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the AVRO C.102 Jetliner

jetliner1 pic

As reported in the Funk & Wagnalls "Year Book for 1948" under First Jet Transport: "Scheduled for flight test early in 1949 was the first aircraft designed from scratch as a jet-propelled transport. It is the Avro XC-102, designed and built by Avro Canada of Toronto in collaboration with engineers of Trans-Canada Airlines. Cost of the project are shared by the Canadian government and the manufacturer. The XC-102 is a low-wing, all metal monoplane with pressurized cabin and tricycle landing gear. It is designed to accommodate 40 passengers and a crew of the and is expected to cruise at 430 mph at 35,000 ft. Gross wieght is 52,500 lb. Power plant consists of four Rolls-Royce Derwent II turbojets providing 14,000 lb. static thrust output. The engines are grouped in pairs on either wing panel."

Though the Avro Jetliner was just 13 days behind the British Comet, it was years ahead of the Boeing 707, the Jetliner did not have the problems of the Comet and when you look at it you must ask why did Canada not back this great aircraft! If Avro had not fallen behind on the CF-100 production line and if the Korean war not been going on we may still have Jetliners flying today, but the story of the Jetliner is much like the story of the Avro CF-105 Arrow -- it is the story of broken dreams and lost opportunities

The C-102 had been designed to the Trans Canada Airline requirment agreed in 1946, which called for a 36 seat aircraft with a cruising speed of 425 miles per hour, a "still-air" range of 1,200 miles, an average distance between stops of 250 miles, with 500 miles as the longest let requiement. Alllowances were specified as 45 minutes stacking and flight time to a 120-mile alternate airport. Headwind was to be taken as 20 mph average, with 40mph maximum.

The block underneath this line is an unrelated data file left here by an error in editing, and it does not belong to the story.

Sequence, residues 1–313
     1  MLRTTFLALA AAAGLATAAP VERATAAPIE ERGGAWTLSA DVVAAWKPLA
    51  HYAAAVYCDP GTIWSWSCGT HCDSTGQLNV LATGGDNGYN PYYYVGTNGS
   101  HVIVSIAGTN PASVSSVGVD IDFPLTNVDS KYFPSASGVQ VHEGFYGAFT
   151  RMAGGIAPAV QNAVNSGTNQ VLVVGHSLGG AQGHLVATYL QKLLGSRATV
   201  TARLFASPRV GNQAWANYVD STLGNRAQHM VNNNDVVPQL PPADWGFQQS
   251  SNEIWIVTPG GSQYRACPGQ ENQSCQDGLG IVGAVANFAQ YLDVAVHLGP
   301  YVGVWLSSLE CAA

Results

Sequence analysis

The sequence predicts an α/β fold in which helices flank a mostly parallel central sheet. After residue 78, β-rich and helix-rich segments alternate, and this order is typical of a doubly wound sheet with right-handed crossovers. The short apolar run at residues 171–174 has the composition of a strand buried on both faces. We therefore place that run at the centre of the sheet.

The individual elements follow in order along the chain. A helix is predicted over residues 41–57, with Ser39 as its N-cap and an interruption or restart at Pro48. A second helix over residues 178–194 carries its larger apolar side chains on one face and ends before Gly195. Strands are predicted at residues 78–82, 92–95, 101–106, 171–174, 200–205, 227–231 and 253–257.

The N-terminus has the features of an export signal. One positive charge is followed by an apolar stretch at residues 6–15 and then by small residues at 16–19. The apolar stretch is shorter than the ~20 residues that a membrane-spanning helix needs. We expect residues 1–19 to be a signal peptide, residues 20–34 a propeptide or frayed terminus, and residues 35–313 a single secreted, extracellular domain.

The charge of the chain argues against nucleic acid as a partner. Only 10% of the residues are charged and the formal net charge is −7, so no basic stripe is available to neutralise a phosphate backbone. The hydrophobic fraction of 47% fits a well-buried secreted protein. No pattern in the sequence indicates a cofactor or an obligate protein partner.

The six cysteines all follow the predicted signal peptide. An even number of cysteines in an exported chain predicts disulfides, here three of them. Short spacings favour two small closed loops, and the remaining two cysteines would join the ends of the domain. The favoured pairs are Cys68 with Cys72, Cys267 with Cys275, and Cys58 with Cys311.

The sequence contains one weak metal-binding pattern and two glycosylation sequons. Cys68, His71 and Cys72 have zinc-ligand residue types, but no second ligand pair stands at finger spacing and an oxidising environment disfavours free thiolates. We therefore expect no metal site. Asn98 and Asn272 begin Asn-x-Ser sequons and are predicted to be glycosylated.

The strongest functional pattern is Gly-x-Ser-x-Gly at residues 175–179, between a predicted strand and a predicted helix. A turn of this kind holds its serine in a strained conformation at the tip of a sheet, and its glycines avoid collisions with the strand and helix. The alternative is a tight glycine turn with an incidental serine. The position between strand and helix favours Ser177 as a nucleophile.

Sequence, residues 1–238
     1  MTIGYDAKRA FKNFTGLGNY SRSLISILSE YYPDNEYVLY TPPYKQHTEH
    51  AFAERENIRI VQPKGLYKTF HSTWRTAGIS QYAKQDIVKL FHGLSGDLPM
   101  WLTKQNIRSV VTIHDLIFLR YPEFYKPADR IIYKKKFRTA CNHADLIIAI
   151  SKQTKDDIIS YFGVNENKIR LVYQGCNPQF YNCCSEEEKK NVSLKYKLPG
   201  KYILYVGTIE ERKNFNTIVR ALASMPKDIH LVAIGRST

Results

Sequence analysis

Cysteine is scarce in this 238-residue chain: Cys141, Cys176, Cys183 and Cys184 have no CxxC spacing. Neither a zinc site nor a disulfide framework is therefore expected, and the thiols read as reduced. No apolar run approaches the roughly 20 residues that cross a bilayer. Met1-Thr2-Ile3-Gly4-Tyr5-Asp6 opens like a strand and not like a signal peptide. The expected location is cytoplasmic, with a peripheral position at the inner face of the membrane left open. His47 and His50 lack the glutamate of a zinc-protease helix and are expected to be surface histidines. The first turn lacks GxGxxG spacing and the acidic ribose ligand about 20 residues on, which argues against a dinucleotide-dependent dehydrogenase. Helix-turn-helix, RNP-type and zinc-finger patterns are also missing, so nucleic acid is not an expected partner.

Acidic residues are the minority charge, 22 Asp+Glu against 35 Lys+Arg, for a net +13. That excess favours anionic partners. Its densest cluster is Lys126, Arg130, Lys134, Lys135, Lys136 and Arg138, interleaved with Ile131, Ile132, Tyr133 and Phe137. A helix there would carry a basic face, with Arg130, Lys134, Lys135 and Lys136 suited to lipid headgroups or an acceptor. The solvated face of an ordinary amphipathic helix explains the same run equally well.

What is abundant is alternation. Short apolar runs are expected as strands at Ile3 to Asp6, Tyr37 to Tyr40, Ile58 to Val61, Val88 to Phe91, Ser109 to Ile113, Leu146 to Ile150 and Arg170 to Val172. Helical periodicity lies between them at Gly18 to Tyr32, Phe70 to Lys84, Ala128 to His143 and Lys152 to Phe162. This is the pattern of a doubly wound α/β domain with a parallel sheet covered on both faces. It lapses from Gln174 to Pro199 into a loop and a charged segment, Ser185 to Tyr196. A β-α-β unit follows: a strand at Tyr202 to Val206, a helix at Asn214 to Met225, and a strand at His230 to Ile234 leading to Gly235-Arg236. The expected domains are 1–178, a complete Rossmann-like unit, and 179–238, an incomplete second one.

The Jetliner was built during the daytime, tested at night. Once in the wooden mockup stage, Jim Floyd said, "That nose just won't do." So they sawed it off, and built another within a week.

The first prototype, CF-EJD-X christened the Jetliner, first flew 10 August 1949, just 25 months after the design of the Derwent-engined verstion was started! The crew consitited of Avro UK Chief test pilot Jimmy Orrel; Avro Canada Chief Test Pilot Don Rogers; and flight engineer Bill Baker. The first flight was without any problems and the only problem in over 500 hours of flight occured on the second flight (16 August 1949) when the aircraft had to make an emergency belly-landing because the main gear would not extend (the damage was so minor that the aircraft was flying within three weeks).

By December 1950 the Jetliner had reached 39,800 feet and had exceeded 500 mph in level flight!

Howard Hughes was so impressed with the Jetliner that he wanted to manufacture it under license at Convair and using it on TWA routes, but the U.S. government would not agree to Convair devoting effort and spce to a civil project in view of the Korean crisis.

The Jetliner never did go into comercial use but was used as the aerial survey & photo platform for the CF-100 project, as orders were never placed, construction on the partially built secont prototype was abandoned. On 10 December 1956 the Jetliner was ordered distroyed, and after contacting the National Aviation Museum turned up no interest in obtaining the aircraft due to a lack of space, the Jetliner was cut up on the 13th of December 1956 with only the cockpit section surviving (in the Canadian Aviation Museum in Ottawa).

For over 80 photos of the C-102 Jetliner check out the Canadian National Aviation Museum